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A First Course in General Relativity
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A First Course in General Relativity

4.09  ·  Rating Details  ·  216 Ratings  ·  13 Reviews
Development of the concept of general relativity and its associated mathematics, from a minimum of prerequisites, leads to an in-depth physical understanding of the theory and its most important applications.
Paperback, 392 pages
Published February 22nd 1985 by Cambridge University Press (first published January 1st 1985)
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Huyen
Aug 16, 2009 Huyen rated it it was amazing
usually, physics/ math textbooks give me giant yawns, but this one is definitely exceptional, I enjoyed reading it a lot. thank god Bernard Schutz skips all that torturous index gymnastics of differential geometry and jumps straight into special and general relativity (where half of the quantities in diff geom happily die and leave us in peace). his introduction to tensor calculus is very helpful. lots of clear explanations, for example why mutual length contraction or time dilation is not a con ...more
Erik
Oct 20, 2015 Erik rated it really liked it
Probably not a good textbook (as it is advertised) but a good reference and guide for physical clarity and intuition. Builds from SR to GR step by step.
Herjuno Nindhito
A really good book! I recommend this book for everyone who want to know how genius Einstein was. By the structure point of view, this book is spot on. It starts with mathematical tools to work with a curved space like vectors, one-forms, dual space, and tensor algebra. Then it proceeds to the redshift experiment and the importance of curved space by introducing Riemann tensor with Ricci and Einstein tensor afterwards.

Fun things start to happen when one start to work with physics in curved space.
...more
Erickson
Mar 02, 2016 Erickson rated it it was amazing  ·  review of another edition
Very good book to start general relativity. The first four chapters carefully work out the necessary mathematics, in more geometric forms than just emphasizing transformation rules. The fluid analogy was especially helpful for understanding stress-energy tensor which is the source of gravitational field.

The next four chapters brought the readers to the real essence of general relativity - the physics and mathematics of curvature itself. Somehow he managed to bring out the flavour really clearly.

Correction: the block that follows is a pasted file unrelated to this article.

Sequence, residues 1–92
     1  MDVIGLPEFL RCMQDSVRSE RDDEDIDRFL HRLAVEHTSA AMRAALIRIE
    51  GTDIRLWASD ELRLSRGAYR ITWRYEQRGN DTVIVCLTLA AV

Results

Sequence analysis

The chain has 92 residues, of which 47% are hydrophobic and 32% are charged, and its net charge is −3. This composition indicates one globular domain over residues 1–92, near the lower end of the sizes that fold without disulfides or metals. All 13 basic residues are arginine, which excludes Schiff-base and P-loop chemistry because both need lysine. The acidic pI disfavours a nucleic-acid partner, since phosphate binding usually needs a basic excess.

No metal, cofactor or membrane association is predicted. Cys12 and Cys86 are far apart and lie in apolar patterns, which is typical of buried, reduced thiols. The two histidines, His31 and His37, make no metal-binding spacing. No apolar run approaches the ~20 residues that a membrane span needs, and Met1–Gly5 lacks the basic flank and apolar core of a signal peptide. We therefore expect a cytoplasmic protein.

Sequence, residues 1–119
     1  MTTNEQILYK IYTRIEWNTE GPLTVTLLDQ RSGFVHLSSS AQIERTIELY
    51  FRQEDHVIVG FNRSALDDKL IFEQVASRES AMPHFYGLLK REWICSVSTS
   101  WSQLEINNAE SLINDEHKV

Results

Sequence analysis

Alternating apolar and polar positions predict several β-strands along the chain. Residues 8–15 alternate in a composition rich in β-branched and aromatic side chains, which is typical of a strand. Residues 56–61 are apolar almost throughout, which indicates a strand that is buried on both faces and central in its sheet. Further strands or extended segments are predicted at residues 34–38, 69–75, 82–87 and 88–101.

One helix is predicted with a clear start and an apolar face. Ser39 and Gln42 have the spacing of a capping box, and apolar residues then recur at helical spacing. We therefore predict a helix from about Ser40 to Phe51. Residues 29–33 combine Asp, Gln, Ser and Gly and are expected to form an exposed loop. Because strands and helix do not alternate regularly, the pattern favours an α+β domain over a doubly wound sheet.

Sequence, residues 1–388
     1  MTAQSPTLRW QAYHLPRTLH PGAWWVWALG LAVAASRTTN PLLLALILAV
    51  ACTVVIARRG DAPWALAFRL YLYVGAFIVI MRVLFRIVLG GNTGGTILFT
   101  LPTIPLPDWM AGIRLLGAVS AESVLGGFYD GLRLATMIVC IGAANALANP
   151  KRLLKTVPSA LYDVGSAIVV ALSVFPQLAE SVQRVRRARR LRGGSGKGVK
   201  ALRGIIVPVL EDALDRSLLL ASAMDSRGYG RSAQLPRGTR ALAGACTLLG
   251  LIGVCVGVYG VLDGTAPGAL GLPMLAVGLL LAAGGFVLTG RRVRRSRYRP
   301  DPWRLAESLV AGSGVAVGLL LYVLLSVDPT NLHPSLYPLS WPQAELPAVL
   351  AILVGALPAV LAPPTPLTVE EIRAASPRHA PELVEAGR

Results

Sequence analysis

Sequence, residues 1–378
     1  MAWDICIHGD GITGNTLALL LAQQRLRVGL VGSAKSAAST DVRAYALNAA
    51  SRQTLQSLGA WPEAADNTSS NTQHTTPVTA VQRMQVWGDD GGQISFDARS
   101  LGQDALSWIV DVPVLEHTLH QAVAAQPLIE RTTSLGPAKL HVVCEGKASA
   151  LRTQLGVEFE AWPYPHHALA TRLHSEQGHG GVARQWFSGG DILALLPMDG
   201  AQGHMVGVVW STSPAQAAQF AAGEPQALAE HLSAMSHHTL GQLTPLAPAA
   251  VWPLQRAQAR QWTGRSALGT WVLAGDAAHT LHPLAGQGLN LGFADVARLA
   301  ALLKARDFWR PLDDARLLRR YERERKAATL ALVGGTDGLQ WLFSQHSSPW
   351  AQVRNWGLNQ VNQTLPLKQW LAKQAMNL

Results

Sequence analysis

...more
Chris Dessert
The problems weren't that great. They were mostly just asking you to explore derivations in the text more fully rather than asking interesting questions about the material. I didn't find his explanations very clear either, although in class we used a different notation so that's probably the source of that issue.
Sumeet Pradhan
Jun 06, 2012 Sumeet Pradhan rated it it was amazing
As the title indicates, a handy introduction to GR. A grasp of high school mechanics, college level calculus and linear algebra is all that you need to start digging into this book. The books starts with a refresher chapter on SR with importance laid on the geometric construct of SR rather than the analytic way that is read in high school. Few chapters familiarizes the reader with 4-vector concepts before delving into the equivalence principle that forms the core of GR. Non-euclidean geometry is ...more
Chris
Jan 08, 2011 Chris rated it liked it  ·  review of another edition
I said a while back that Shankar's "Principles of Quantum Mechanics" was the best textbook I ever used, I want to amend that and put this on top. Very clear and extremely interesting (But manageable!) exercises.

Although he assumes nothing beyond vector calculus and linear algebra, I can't help but come to the conclusion that I would have had a lot harder time had I no differential geometry background.

Highly recommended!
Dylan
Jul 21, 2012 Dylan rated it really liked it
very good introduction to general relativity, i think. the introduction to tensors is especially great. i didn't read very much on gravitational radiation, and some of the later chapters were not as good as the earlier ones. but overall, very good. and though i don't have the most qualified opinion, i think it prepares you pretty well for MTW (if you're into that).
Bria
Jul 29, 2011 Bria added it
Dude, I know everyone makes typos, but in complex physical theories the difference between a 1 and a 0 or a + and a - can be kind of significant.
Matt
Jul 05, 2012 Matt rated it liked it
Shelves: textbooks
Well written from a mathematics viewpoint. Not 100% application but still a good text. Chapter 6 on Curved Manifolds was my favorite.
Bhuvanesh
Sep 25, 2011 Bhuvanesh rated it it was amazing
Easy-to-read undergrad-level introduction to general relativity (with a review of special relativity).
Ian Durham
The best introductory text on the subject that exists. One of the best texts I've ever read.
Jamie
Sep 10, 2007 Jamie rated it liked it
Shelves: mathematics
This is where I started learning modern mathematics (as well as GR).
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